SAPIENS - Yuval Noah Harari - 1997
SAPIENS - opinion - A Classic review. In 1871, Charles Darwin was the first to speculate that all humans had a single origin. Today his concept has been up-held by mitochondrial DNA evidence and archaic specimens. There have been hundreds of books written on this subject. So, just to set the record straight, I’m not trying to re-invent the wheel here. But evolution is a subject that I find fascinating to reflect upon. This short essay is an opportunity for me to register my point of view and to put some of my own assertions on record.
About 2.5 million years ago, in south-eastern Africa a great migration northward began. As it proceeded, the first “human” species – Homo erectus - separated from its ancestor Australopithecus. Erectus was eventually replaced and the migration was continued by Homo neanderthalensis, and Homo sapiens who both started down their own evolutionary paths.
There is little agreement regarding who these groups were – or even what to call them. In this short overview I’ve left out many of the sub-species. I’ve tried to combine some of the anthropological information and to stick to a path that’s easy to follow.
What caused, or encouraged these waves of migration northward is theoretical. It could have been, that as these groups of
humans evolved they became adept at fashioning more efficient tools and weapons. These advances would have made it easier to conquer the vast, waterless desert that had blocked past northern travels out of sub-Saharan Africa.
However, one of the motivators was most likely climate change, precipitated by the Milankovitch cycles. One element of those
cycles is the earth’s wobble, which has a periodicity of 21,000 years. So, every 10,000 years the northern or southern
hemisphere of the earth experiences a dry spell followed by a wet spell 10,000 years later. This wet spell, with its increased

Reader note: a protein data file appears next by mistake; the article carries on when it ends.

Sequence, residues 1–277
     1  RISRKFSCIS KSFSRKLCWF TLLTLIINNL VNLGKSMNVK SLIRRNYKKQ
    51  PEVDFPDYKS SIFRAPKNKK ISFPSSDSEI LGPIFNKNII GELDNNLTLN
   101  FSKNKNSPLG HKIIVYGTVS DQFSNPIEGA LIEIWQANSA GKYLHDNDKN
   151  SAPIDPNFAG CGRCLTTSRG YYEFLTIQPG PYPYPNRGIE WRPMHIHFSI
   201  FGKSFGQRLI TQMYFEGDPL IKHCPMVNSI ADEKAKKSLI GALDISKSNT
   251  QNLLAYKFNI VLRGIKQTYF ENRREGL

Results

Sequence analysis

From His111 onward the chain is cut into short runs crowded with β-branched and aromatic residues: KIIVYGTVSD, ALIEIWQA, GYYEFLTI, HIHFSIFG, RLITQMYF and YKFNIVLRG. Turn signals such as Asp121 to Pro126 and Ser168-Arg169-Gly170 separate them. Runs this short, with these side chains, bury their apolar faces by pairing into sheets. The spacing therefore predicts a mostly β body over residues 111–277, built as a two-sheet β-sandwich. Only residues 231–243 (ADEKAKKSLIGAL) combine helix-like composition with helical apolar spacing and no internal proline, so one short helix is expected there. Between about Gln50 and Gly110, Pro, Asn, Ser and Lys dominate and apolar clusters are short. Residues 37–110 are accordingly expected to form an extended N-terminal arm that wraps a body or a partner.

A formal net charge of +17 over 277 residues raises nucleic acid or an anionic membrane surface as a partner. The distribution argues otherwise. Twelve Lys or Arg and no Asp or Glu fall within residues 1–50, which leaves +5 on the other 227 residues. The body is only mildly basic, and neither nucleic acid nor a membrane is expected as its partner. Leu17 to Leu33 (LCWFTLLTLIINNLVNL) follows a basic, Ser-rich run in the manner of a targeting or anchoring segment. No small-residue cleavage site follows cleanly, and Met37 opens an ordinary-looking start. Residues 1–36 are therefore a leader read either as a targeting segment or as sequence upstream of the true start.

rainfall, causes green corridors to open up on the northern African continent in an area called the Levant - Israel and Syria today. During the wet periods at that time it was much easier for waves of migrating humans to move north into Europe and east into Asia.
When its evolutionary status arrived at the proper point – 1.75 million years ago - the first wave of Homo erectus began to appear in northern Africa.
There is ancient tool and bone evidence which supports the claim that tool-making ability was improving and that Erectus had developed the hand ax. Also their social structure had advanced and possibly included a crude language. I want to emphasize that they had an almost 2 million year reign… compared to Sapiens who have been around for only a mere 200,000 years.
After passing through northern Africa some of them branched of and headed eastward. Their stone tools, dated to 1.66 million years ago were discovered in China’s Nihewan Basin. In Shanxi Province the first evidence of human use of fire, 1.27 million years ago was found. H. erectus populated almost all of western Europe by 1.2 million years ago.
Simultaneously they continued their trek on into the Asian subcontinent and beyond, eventually reaching the Island of Flores, off the coast of Australia about 700,000 years ago.
During these journeys there was a lot of overlap and intermingling; west to east, south to north and repeated reverse migrations - the human advance was not a one-way street. All of this leads to many opinions and theories about these events, with little agreement. So date/time fact-checkers don’t work here… all date/time “facts” are in hot dispute.
About 600,000 years ago, in a second colonization, Homo neanderthalensis were quickly replacing Homo erectus in the near east and central Asia, and simultaneously north and west into Europe where they lived through the last ice age. At that time Neanderthal carried 99.7% of modern human DNA. Today, the Neanderthal component of modern, Sapiens European DNA is
as high as 2%.
There is no DNA evidence placing Neanderthal or Sapiens south of the Great Sahara Desert. The first Neanderthal skeleton was found in 1856. It was discovered by quarrymen in the Neander Valley near Dusseldorf, Germany. They found a skull and 15 other bones in a limestone cave.